This is my fear.  Forgive me if I seem to be a bit of an alarmist, but the more we accept the indefensible generalization and the anecdotal form of evidence, the more the culture devolves.  And I think movies as dumb as Wanted (with a 71% freshness rating on Rotten Tomatoes) go some way toward substantiating the indefensible as legitimate.  Angie’s line of reasoning seems compelling to the viewer too distracted by action and special effects, but a pause reveals the flimsiness.  This sort of stupid acceptance of stupid claims may not be a true reflection of a distracted country willing to go to war for no goddamn reason and put it all on a credit card.  But then again…
Back to the amazing plot!
Wesley finally kills his target.  He does so while riding atop a train and by shooting a bullet that curves perfectly, like every bullet since his many failures to execute this nifty trick.  Apparently doing something well once makes you an expert.  This newfound skill with a gun allows him to shoot bullets at other bullets that have been shot at him, thus smooshing them nicely as opposed to, I don’t know, making them ricochet in who knows what direction and killing someone.  Anyway, our hero shows no signs of conscience over his first kill.  He may as well have gone to the dentist for all the emotion it inspires.  Just another day until he can get revenge on the man who killed the father he never knew, which is now the most important thing in Wesley’s world for some reason.  Of course, there’s no indication that he ever, you know, asked his mother about his dad and why he left and who he is.  But now that he has discovered, via a relative stranger, that his dad was a kick ass assassin, avenging his death is priority numero uno. 
But wait!  There’s a twist!
The loom finally shits out a quilt with Wes’s dad’s killer’s name on it.  Oh, happy day!  He goes apeshit on a mission to kill the guy, only to find out at the last possible second that the man he shoots is actually HIS FATHER!  What a twist!  M. Night Shyamalan is shitting himself with jealousy.  After all, who the fuck could ever have seen that coming?
The thick plottens.  Wes is an outcast, no longer in the Frat.  He is told by another stranger with zero evidence to back up his story that the man he killed, his pops, was always living within eyesight.  He had an apartment across the street from Wes and a telescope so that he could watch him do whatever.  Shit, fuck, jerk off, eat Pop Tarts, you know… Dad just wanted to be close by and always watching.  Wes is filled with increased love for the creepy stalker/absentee father he never knew, just as he was all agog over the last dude who was, for a brief period, his dead father.  Sorry, Wes, but you’re a bit of a dead father slut. 
From there… well, the climax is full of so much silliness I fear this long post would turn into a book were I to go into it all, but suffice it to state that there are rat bombs that don’t do nearly as much damage as they should, because we all know from practical experience how deadly rat bombs are, right?  And we all know how easy it is to strap watches and explosives to a million rats.  Just another day at the office.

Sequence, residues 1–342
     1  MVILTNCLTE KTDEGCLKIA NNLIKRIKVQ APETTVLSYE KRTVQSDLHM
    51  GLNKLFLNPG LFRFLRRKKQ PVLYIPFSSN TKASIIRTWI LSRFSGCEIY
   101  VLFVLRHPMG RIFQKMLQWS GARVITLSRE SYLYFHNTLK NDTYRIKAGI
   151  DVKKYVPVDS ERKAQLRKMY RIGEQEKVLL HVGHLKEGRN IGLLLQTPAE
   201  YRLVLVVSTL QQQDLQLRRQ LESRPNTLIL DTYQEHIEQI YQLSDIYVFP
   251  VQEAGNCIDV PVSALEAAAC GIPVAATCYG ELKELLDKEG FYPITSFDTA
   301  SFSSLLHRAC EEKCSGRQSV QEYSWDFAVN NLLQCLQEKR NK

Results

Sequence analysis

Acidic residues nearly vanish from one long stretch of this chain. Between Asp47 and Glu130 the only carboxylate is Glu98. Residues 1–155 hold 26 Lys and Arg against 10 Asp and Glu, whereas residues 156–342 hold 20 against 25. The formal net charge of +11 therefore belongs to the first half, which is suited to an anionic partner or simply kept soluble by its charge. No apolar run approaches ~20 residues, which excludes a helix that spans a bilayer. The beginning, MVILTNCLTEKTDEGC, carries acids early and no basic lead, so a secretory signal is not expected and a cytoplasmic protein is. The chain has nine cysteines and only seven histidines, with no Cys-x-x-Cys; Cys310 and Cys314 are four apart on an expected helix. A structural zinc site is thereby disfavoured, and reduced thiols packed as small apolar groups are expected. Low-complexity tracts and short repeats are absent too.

Wes, a mere freshman assassin, manages to infiltrate the deadliest place on Earth and confront the senior assassin squad.  Our hero informs them that Morgan Freeman is lying about the magic quilt.  Imagine that.  And he’s been making up names for profit.  Wow, someone actually kills for money in this movie—finally a plot line I can believe.  Morgan tells the assassins that all their names have come up and that he buried that info to protect them.  Angie, zealot that she is, shoots her best bullet ever, one that curves perfectly and flies through the heads of each assassin before coming full circle and landing in her own skull.  Only someone so slavishly devoted to their own flimsy anecdotal evidence would be hard headed enough to stop that bullet, so this makes some sense. 
Digression/Alarmist Cry # 2:
Another insidious aspect of this movie: Angie is seen as an admirable character.  She is sexy, strong, can shoot a gun ever so well (a treasured American quality).  She’s no Wes, the hero, but she’s pretty important to the film and certainly a better person than her lying, corrupt boss.  Well, she lied to Wes, but that’s beside the point.  The movie clearly wants us to like her or find her cool and sexy.  But she’s devoted to a tradition so strongly that it defies all logic.  She’s willing to kill anyone, including herself, for her belief.  And her belief is utterly stupid.  So, am I paranoid when I read this film as promoting blind faith even if it means picking up a gun?  Was I wrong to have watched Angie’s murder-suicide and thought of a recent ideologically-based kill spree in Vegas? 
So the assassins are all gone save for the baddest of the bad, Mr. Morgan Freeman.  He sneaks up on Wes who has returned to his previous job in the office because, of course, anyone can get rehired after insulting a supervisor and assaulting a coworker.  But that was Wes’s trap all along!  No, the man who looks exactly (not really) just like (sorta, I guess) Wes from the back is NOT WES.  Wes is in his father’s old apartment holding a big gun with a scope and, yep, he sends a bullet through Morgan’s head!  This is done in super slow motion because we all want to see what Morgan Freeman’s head looks like with a bullet coming out of it.  Actually, no… I never wanted to see that.  And now I can never watch that fucking penguin movie because I’ll always imagine its narrator with an exploding head. 
While all this was happening, our hero, via voice over, reminds us that we are pathetic.  I’m almost thrilled at the idea of a dumb movie that directly tells its audience that they are pieces of shit.  That almost seems subversive.  And at the end, Wesley breaks the fourth wall and asks us “What the fuck have you done lately?”  Um… watched a shit movie, that’s what.